Komal Mistri
Komal Mistri

Artist Komal Mistri's stark photos reveal harsh realities of maternity during Covid-19 crisis

Komal Mistri’s ongoing photo exhibition in Delhi focuses on the trials and tribulations of women in labour

Sterile and mechanised are the first words that come to mind when thinking of a hospital. Amidst the chaos of the raging Covid pandemic, early in the decade, hospitals had become grim theatres of death. Oppressed by dark emotions, suppressed pain and the numbness of loss, artist Komal Mistri set out to record life in the midst of death. The Vadodara-based artist spent three months in labour rooms of Gujarat hospitals as part of her photography project. The result is her ongoing show Come with Your Own Light being shown at Latitude 28 in Delhi. If you are looking for Gram-worthy images of cute newborns and glowing mothers, you will be disappointed. The photographs are raw and dark. There is blood and graphic agony in her images, made more poignant since they are black and white.

“Being a mother, the topic came easily to me. When I had my son, I went into post-partum depression. It struck me that a large section of people, especially women, are unaware of this condition. This urged me to look for ways to delve deeper into the subject of maternity,” she says, adding that the female figure is central to her work as she strives to document their unknown or overlooked emotions. Working during the second wave proved to be not just physically difficult, but mentally draining. “Death was everywhere.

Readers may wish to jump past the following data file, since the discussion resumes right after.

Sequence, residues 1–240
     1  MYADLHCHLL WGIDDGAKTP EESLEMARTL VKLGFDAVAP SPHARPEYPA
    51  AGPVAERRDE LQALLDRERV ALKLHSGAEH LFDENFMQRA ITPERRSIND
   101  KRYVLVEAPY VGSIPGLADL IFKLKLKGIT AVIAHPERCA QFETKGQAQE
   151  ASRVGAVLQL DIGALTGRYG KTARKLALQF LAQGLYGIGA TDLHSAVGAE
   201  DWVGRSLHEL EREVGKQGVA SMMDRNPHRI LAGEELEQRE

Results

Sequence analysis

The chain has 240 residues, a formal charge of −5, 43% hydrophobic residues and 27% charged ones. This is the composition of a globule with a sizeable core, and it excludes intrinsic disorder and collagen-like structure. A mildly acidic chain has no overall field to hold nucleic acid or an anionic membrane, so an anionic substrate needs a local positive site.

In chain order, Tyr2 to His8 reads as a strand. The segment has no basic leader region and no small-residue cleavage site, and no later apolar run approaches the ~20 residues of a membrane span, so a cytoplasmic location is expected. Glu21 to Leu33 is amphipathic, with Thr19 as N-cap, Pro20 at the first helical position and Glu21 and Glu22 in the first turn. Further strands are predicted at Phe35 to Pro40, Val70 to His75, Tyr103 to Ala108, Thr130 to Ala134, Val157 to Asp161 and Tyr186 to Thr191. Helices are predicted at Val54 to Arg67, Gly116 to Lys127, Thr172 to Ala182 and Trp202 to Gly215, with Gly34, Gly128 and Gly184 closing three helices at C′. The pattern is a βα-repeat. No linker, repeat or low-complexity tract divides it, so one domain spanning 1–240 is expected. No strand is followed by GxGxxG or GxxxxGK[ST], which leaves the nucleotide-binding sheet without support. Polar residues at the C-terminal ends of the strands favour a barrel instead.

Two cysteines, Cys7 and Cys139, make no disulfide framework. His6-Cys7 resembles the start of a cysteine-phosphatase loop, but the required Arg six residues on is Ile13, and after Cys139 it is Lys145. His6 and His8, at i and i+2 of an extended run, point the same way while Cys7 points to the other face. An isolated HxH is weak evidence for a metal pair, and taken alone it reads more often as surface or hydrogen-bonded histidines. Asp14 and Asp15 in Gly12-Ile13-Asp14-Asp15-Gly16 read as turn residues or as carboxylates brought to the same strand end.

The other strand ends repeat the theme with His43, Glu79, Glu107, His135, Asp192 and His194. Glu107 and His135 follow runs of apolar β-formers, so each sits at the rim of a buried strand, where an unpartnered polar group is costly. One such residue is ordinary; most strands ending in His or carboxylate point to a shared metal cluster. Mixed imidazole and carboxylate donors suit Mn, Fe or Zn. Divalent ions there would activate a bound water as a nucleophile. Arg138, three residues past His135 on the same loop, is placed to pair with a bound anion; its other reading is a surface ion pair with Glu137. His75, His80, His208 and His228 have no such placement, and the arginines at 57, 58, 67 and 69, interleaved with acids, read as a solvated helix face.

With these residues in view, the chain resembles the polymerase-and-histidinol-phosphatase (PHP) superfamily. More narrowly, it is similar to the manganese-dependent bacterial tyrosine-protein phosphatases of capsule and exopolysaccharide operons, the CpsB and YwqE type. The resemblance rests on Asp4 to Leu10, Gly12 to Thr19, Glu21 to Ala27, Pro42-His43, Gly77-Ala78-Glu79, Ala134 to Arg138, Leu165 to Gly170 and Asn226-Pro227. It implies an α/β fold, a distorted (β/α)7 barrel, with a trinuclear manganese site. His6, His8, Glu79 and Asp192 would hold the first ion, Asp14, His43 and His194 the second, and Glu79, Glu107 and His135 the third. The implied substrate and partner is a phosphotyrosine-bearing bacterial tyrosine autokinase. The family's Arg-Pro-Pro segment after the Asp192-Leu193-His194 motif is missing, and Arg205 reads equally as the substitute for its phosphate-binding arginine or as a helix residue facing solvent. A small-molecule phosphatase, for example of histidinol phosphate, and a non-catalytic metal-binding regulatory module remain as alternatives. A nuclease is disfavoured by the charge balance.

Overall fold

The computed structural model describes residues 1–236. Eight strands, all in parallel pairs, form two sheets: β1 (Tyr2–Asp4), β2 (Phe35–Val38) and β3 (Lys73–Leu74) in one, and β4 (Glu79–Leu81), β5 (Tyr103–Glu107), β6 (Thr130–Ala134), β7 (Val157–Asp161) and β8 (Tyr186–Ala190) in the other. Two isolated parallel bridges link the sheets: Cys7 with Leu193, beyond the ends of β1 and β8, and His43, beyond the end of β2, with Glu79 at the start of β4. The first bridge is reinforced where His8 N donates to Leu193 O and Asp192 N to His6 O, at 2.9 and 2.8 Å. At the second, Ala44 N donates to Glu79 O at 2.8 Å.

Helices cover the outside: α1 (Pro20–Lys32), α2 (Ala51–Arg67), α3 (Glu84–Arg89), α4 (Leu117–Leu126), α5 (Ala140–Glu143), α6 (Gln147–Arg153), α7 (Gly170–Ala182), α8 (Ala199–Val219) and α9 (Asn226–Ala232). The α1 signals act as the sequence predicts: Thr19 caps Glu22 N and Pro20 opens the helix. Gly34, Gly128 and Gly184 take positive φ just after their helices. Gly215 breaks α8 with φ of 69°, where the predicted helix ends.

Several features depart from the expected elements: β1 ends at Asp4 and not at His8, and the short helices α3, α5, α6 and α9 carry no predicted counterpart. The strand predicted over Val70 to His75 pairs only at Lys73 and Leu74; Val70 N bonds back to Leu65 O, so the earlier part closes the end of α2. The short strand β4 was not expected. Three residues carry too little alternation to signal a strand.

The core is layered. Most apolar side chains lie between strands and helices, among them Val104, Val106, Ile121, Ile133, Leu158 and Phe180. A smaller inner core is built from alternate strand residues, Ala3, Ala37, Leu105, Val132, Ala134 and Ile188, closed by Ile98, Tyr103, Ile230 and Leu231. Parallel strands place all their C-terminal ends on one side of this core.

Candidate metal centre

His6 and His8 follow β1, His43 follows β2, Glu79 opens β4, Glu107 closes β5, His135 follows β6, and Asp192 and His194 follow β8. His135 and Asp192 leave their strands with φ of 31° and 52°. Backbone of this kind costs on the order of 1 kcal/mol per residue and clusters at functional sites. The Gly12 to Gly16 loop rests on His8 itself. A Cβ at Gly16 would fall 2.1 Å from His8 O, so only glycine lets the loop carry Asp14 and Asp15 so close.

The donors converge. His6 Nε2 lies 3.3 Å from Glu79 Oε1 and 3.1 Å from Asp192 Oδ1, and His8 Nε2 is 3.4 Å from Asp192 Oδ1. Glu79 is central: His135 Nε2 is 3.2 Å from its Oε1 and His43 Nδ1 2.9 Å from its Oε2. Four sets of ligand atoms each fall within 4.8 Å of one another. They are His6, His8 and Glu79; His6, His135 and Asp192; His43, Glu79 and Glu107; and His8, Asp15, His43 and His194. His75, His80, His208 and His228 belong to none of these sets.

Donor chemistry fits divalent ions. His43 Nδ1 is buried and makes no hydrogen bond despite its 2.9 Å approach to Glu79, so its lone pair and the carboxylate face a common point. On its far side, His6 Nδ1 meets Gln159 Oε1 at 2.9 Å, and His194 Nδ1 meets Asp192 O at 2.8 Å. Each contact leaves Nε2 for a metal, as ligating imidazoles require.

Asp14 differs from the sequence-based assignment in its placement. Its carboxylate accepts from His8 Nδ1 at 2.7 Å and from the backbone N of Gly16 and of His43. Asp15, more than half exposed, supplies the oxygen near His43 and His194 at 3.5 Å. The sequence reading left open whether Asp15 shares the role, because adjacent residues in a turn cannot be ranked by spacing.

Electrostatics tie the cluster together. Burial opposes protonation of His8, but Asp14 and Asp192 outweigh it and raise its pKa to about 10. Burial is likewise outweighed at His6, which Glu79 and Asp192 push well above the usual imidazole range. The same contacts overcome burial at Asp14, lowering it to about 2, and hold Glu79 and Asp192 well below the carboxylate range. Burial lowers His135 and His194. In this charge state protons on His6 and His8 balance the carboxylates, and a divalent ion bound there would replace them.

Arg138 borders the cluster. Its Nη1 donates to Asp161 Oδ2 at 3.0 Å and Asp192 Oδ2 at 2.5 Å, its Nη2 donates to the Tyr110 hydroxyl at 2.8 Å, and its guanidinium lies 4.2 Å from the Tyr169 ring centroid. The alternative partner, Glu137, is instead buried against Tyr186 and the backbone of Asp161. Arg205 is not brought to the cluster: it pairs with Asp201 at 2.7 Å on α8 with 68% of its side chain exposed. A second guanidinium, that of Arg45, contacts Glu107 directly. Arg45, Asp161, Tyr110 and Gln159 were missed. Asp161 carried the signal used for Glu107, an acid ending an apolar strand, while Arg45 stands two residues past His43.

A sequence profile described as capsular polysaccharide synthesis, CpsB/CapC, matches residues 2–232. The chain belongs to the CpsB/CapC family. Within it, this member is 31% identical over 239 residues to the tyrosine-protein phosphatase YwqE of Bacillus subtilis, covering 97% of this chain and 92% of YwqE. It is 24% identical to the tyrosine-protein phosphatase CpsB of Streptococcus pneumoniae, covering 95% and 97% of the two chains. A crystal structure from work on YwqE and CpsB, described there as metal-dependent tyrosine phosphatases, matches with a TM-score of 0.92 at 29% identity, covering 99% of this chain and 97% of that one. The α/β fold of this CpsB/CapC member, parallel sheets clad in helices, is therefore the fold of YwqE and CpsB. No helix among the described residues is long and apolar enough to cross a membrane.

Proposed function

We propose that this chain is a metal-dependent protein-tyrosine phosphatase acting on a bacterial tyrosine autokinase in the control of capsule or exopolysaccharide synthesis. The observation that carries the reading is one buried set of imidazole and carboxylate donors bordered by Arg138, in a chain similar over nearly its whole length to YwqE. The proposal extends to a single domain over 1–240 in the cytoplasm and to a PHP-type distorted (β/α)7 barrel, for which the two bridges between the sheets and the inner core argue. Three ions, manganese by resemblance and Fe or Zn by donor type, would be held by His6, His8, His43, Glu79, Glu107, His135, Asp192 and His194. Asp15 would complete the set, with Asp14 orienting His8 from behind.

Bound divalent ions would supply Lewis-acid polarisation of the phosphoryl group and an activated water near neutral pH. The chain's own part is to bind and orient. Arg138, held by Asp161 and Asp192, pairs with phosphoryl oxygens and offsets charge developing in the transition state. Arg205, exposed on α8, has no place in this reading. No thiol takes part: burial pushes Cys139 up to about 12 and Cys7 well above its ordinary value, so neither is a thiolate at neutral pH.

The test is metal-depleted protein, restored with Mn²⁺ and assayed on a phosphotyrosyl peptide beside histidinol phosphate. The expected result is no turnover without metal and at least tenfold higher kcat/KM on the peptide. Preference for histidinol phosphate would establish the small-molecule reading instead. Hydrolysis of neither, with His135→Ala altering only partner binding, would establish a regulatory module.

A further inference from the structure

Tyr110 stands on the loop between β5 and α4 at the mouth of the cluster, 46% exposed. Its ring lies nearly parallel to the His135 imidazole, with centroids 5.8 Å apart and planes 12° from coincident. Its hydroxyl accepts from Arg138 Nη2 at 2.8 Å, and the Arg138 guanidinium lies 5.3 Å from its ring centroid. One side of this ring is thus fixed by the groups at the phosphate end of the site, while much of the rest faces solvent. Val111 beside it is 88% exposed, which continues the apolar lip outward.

Expecting mothers during their labour had to keep masks on, which added to their trauma. Since crowding a hospital was not advised, some women were also alone during the moments she needed support the most,” recalls the 38-year-old, who became a support and confidante of sorts for many mothers-to-be in the labour room. One woman was so grateful for Mistri’s presence that she insisted that the artist name her newborn. Mistri christened the baby Kabir and the mother gave her `11 as a token of her appreciation. “Till date I keep the money with me wherever I go. It reminds me of the unlikely bonds forged in difficult situations,” says the MS University, Vadodara alumna.

images from the exhibition
images from the exhibition

Mistri documents not only the process of childbirth as a celebration, but also the unpredictability and trust associated with it. An outlier exhibit is a notebook which the artist had maintained as a diary during the difficult days. It has stories of both resilience and vulnerability. There are also objects that are common to a hospital—test tubes and surgical tools. To keep up with the stark images on display, Mistri did not want a white-cube gallery. So she scraped the paint off the walls and used charcoal to lend an aura of metamorphosis—akin to what the women experience in the labour room. The images play up the lack of proper medical attention, the limits of the physical strength of the women, and the socio-economic backwardness of rural Gujarat.

What was her biggest takeaway from the project? “I realised how mechanical the process of birthing is. What is supposed to be a happy moment is drowned in the pain the woman experiences and the static responses of the caretaking team. I found no one in the labour room empathetic to the new mother. To the medical staff, she was just another case, and so was dealt with unemotionally. Even for the accompanying relatives, the focus was on the newborn and the duties the woman will have to perform once discharged.

No one thought about her lived experiences, and what she was going through internally,” says Mistri, who would often be turned away by the women wary of her interventionist photography. If she approached 10 women to be part of the project, only two would agree to have their childbirth recorded. Mistri would then follow up with proper documentation like signing the papers so that the women would not feel they were taken advantage of. “In the moment of their greatest vulnerability, I wanted to give them some semblance of comfort and autonomy,” she says. She did.

The New Indian Express